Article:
An interesting point from climate unpredictability is an understanding that environment is not a luxury but a key element in the fight against poverty and the delivery of internationally-agreed development goals. In the last year alone, 25 million people in Sub-Sahara Africa have faced food crisis. Climate change makes farming difficult really.
Before the current global food crisis, around 800 million people were hungry. But with the rising food prices, the number has increased by 75 million. Yet, if MDG I is anything to go by, then developing countries need to invest $21 billion a year, while in Sub-Sahara Africa, government and development partners will need to increase their agricultural spending by between $3.8 billion and $4.8 billion a year.
Worst still, between $10 billion (₤5.2b) and $40billion is needed annually to put the climate change in a reverse gear. But industrialized countries have given only $43m – a tenth of the amount they have pledged even as rich country fossil fuel subsidies total $73 billion a year.
The New Economics Foundation says that greenhouse emission cuts of 60 to 90 per cent will ultimately be needed, way beyond the targets set in the Kyoto agreement. Christian Aid wants a strict which will reduce emission by two thirds of 1990 levels by 2050. In all these, when, who and how remain exactly areas of analysts’ permutations.
That’s not all. Global trade is plummeting; protectionism is beginning to make inroads. Unemployment is rising, and the public anger is inflamed. IMF’s prediction says global economy would shrink by 1.9% in 2009 worst since World War II. Though for once, Africa would seem to be in strong position than many countries of the world in the face of stock market crashes and bank collapses, all is not as it might first appear. Crisis and panic area abound.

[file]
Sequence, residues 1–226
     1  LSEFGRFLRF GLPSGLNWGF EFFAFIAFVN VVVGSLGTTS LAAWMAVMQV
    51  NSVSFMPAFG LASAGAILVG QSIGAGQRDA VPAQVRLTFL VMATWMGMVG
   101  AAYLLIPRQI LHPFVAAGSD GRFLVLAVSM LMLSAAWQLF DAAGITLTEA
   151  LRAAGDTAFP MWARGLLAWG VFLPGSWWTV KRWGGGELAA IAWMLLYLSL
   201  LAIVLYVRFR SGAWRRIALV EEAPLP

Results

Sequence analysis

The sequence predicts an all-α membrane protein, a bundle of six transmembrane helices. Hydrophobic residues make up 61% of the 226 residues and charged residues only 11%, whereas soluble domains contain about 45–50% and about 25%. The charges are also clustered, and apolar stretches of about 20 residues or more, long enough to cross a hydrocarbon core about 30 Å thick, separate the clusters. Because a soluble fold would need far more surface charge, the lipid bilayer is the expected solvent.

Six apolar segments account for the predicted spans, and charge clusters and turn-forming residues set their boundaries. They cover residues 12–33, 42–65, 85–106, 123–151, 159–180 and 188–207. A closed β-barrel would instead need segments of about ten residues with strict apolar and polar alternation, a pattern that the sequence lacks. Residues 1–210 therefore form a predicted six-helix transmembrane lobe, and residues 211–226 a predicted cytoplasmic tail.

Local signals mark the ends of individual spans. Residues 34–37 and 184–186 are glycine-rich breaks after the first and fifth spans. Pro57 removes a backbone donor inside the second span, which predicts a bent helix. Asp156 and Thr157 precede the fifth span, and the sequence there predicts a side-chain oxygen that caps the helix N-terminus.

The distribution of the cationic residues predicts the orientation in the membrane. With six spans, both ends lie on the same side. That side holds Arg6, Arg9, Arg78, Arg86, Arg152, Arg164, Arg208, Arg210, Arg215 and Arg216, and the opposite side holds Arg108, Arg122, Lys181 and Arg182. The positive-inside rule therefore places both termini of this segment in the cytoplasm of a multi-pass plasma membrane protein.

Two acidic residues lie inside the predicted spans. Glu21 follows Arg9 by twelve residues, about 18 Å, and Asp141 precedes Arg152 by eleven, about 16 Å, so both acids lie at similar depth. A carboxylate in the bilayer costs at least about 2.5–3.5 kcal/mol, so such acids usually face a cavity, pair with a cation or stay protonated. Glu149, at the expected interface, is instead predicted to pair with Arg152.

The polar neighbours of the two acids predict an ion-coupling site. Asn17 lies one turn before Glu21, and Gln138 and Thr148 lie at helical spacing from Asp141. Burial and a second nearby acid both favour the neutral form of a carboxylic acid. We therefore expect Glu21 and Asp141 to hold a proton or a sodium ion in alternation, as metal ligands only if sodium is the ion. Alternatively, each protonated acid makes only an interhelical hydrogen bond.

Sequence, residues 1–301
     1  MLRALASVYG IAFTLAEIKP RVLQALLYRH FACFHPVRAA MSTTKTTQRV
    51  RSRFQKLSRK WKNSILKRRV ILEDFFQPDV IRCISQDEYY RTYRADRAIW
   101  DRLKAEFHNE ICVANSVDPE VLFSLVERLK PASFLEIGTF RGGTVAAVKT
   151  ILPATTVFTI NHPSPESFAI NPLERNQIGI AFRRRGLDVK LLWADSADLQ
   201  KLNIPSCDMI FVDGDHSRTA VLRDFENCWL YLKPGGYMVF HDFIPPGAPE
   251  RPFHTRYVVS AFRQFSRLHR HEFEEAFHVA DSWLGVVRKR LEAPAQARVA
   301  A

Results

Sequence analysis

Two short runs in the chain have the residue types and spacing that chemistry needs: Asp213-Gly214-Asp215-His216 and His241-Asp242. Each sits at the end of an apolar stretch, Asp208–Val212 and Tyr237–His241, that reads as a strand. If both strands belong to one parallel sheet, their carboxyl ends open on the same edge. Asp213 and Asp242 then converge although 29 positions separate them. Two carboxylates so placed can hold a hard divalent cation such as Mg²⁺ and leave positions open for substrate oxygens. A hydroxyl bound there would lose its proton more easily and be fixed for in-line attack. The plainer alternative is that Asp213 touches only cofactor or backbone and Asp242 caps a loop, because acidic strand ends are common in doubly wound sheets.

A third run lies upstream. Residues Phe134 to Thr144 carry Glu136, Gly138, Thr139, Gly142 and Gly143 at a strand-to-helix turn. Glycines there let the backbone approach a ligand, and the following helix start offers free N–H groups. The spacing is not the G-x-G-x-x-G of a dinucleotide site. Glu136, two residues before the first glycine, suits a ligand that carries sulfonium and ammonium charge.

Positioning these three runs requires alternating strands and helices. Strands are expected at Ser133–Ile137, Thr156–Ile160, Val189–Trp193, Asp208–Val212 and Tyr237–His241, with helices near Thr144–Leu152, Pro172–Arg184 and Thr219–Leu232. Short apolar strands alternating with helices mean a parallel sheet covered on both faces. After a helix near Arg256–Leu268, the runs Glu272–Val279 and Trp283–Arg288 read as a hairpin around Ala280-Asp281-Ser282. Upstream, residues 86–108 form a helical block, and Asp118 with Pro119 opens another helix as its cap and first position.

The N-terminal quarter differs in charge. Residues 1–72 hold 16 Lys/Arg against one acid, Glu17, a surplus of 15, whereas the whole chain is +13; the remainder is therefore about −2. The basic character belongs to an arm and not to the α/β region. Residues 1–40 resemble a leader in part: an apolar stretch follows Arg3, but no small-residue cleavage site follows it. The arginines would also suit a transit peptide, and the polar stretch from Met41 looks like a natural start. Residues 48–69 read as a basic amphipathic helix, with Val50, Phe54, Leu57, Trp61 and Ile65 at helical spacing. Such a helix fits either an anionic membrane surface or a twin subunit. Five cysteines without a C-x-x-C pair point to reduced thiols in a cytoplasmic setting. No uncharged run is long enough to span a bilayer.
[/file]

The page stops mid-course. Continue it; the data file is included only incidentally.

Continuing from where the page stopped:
Trade financing especially in short-term shipping contracts would be affected. Consider that 60% of trade finance is handled by private agents and that 90% of the $41 trillion worth of global trade is financed by trade credits. So getting a letter of credit from banks is increasingly becoming a daily struggle.
Secondly, Foreign Direct Investment (FDI) like building factory has slowed since the west is the major source of capital for Africa. FDI into developing countries stood at $500 billion in 2008, with a record $53 billion of it heading to Africa.